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I agree, I think my girlfriend particularly appreciates this aspect of me. She is used to having to make quick, superficial explanations when she talks of her "selfishness" so that she doesn't get side-tracked in conversation. And talk about literature, ethics, politics, and all that has always depended on certain maxims that she rarely has the time to explain. With me, there's no need--all the underlying maxims are understood.

At the same time, yesterday we got into a somewhat heated argument of superficiality and learned from each other.

You can also sometimes find good people in surprising places. When I met her, my wife considered herself to be a Rosicrucian. (A member of an organization called the Ancient Mystical Order Roase Crucis; they've got a long history and a lengthy set of teachings.) She explicitly claimed she was a mystic. Doesn't sound promising, does it? But when I probed her understanding of the relevant concepts, it turned out that she denied the existence of the supernatural, required that knowledge be justified by reference to logic and factual evidence, and viewed 'karma' as simply the operation of the law of cause and effect. That plus a healthy positive value orientation was a solid enough foundation for a relationship that turned into a marriage which has lasted ten years and is still going strong.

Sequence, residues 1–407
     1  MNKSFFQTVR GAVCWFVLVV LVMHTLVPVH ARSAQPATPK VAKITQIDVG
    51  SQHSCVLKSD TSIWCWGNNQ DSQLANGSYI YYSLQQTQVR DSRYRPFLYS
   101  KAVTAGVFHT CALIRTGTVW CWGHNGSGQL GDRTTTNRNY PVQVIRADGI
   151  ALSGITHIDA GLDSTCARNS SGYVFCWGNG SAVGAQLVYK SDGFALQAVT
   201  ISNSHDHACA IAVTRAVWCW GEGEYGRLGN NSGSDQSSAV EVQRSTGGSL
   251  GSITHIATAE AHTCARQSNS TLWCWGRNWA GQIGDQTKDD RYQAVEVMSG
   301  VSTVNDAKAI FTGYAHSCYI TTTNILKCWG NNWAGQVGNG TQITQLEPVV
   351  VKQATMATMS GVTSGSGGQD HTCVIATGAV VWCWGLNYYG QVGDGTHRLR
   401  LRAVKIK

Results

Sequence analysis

I guess the moral of the story is that people these days are sometimes so philosophically confused that they will use very corrupt terminology to conceptualize healthy thinking and value processes. Because of that, you can sometimes find diamonds by digging beneath the surface vocabulary.